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Coasties lock up the silverware

Jill Penn with the victorious East Coast side. Captain Matt Perry holds the Lane Penn Trophy. PHOTO/JADE CVETKOV


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Carterton 15
East Coast 17

East Coast adapted to the conditions better to lift the Lane Penn Trophy in a tough forward battle played in swirling gale force winds at Carterton on Saturday.

“It was a pretty ugly day for rugby, but we just tied the ball up and kept it pretty close and just played to the conditions and got in their face on defence and shut down their big ball carriers,” said East Coast coach Aaron Matenga, who added that it was a whole team effort and they played as a unit.

“Our tight five really stood up but the whole team played bloody well and executed the game plan right down to how we wanted to play it.”

Carterton coach Neil Rodger agreed that East Coast deserved the victory because they adapted better, and his team went away from their traditional strengths.

“Maybe we read too much into the conditions because the actual ground wasn’t too bad, but the wind was terrible, it was a gale and made it really difficult for everybody,” said Rodger.

“I think if we’d tried to play a bit of rugby in regards to trying to get the ball to the edge it might have been a different result.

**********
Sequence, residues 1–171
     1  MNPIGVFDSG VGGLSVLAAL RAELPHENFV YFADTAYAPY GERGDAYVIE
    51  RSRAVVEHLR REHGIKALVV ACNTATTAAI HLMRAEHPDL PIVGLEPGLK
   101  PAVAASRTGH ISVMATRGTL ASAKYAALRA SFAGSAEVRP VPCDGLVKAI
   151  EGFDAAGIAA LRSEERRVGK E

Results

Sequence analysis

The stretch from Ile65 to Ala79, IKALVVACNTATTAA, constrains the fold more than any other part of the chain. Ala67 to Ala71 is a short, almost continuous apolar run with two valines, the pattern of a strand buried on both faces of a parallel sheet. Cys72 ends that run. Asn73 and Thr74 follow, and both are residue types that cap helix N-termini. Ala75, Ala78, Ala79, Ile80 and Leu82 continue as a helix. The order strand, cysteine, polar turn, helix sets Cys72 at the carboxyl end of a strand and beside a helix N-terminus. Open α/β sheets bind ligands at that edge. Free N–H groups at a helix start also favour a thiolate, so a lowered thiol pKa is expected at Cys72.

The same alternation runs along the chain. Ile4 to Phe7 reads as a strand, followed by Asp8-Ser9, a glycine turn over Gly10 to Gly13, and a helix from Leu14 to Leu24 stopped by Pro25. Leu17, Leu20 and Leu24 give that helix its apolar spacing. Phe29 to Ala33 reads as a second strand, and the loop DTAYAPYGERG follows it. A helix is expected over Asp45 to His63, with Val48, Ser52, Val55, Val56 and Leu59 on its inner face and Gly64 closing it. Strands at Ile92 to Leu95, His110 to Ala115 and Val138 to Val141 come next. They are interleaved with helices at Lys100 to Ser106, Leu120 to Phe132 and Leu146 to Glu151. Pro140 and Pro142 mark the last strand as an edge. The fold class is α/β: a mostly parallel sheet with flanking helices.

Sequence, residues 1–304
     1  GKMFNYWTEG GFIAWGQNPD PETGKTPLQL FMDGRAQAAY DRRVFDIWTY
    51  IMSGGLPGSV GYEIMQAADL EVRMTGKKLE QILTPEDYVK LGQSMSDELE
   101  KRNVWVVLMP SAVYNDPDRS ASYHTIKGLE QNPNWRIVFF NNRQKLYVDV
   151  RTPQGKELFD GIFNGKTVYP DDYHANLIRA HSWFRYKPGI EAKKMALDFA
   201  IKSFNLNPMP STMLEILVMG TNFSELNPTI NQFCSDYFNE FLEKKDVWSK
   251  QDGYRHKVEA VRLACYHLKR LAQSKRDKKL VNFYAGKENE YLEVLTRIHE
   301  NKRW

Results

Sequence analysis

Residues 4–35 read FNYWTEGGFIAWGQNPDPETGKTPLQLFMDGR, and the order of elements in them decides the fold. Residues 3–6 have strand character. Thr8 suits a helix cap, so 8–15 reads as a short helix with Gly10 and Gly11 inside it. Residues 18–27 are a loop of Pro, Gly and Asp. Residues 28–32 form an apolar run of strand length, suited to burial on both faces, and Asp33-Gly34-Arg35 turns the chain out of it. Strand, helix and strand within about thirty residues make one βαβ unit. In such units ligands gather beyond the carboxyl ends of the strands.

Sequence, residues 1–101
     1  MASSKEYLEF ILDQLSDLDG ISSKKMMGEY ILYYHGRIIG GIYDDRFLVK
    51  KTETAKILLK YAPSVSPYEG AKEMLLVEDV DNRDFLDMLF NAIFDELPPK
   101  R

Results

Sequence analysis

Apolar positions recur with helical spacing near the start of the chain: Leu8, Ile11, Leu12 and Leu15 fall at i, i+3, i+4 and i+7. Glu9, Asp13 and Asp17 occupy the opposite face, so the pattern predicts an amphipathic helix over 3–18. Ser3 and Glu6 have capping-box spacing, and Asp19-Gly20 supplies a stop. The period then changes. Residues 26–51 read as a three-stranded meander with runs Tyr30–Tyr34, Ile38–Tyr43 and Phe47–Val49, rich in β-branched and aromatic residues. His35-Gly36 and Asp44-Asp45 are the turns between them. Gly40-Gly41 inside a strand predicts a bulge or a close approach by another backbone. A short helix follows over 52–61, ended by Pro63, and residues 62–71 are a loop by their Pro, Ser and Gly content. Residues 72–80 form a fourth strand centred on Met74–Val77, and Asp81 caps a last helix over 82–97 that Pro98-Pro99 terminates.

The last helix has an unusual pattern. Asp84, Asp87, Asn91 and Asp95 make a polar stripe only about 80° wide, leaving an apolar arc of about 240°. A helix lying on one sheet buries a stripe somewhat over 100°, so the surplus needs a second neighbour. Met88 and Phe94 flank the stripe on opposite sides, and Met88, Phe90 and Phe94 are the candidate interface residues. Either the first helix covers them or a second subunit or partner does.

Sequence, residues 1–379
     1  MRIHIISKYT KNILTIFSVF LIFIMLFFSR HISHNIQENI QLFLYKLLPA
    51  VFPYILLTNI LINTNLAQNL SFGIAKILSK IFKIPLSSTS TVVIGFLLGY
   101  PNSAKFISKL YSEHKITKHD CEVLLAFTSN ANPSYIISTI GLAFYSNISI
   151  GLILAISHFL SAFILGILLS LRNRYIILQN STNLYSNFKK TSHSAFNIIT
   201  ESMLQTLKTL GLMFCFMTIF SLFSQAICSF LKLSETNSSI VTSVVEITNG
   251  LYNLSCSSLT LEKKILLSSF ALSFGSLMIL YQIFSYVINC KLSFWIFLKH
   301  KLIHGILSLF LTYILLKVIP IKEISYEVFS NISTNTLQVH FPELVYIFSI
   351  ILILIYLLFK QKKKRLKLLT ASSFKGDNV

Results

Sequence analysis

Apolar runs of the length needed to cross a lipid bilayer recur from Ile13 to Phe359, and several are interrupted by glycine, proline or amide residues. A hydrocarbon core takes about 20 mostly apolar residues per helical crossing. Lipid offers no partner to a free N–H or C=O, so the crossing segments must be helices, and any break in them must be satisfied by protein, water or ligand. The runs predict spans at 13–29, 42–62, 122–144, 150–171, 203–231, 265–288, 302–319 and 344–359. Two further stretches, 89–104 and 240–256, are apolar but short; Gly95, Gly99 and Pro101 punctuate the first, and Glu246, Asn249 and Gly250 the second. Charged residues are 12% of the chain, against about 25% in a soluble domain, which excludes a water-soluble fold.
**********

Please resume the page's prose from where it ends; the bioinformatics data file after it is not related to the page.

“There were opportunities to do it, but we didn’t even try, and the coach has to take some heat there because the game plan was to stick it up the jumper and kick to the corner but in the end, it probably doesn’t suit us.”

East Coast made the most of their opportunities in the first half to take a 10-3 lead into halftime through a try to halfback Bryan Arnold, converted by Jack Wakeling, who also slotted a penalty, while Sam Morison kicked a penalty for the home side.

Carterton narrowed the gap to 10-8 with a try to fullback Aseri Waqa, before a converted try to Wakeling gave the Coasties a nine-point buffer with about 10 minutes to play. A try to prop Tupou Lea’aemanu, converted by Morison, gave Carterton a sniff of snatching a late victory but the Coasties held on to cap a deserved victory

“They’ve got belief now,” said a thrilled coach Matenga.

“They know that they can go further, and the boys are really happy and excited and looking forward to the rest of the season now.”

As well as the Lane Penn Trophy, the Coasties lifted the Billy Herbert Memorial Cup played for between the two clubs, and the Nunn Shield – Wairarapa-Bush’s challenge trophy.

Marist 15
Martinborough 22

Martinborough coach James Bruce was full of praise for his team’s defence in holding on for a gutsy win over Marist at Memorial Park No 2.

Bruce said the team had no possession or territory for long periods and reckoned that they spent 26 minutes camped deep inside their own 22m at one stage, while Marist hammered away at their line.

Remarkably the green and blacks managed to score three tries – all opportunist efforts.

The first came from a kick which wing Nathan Hunt won the race to the ball.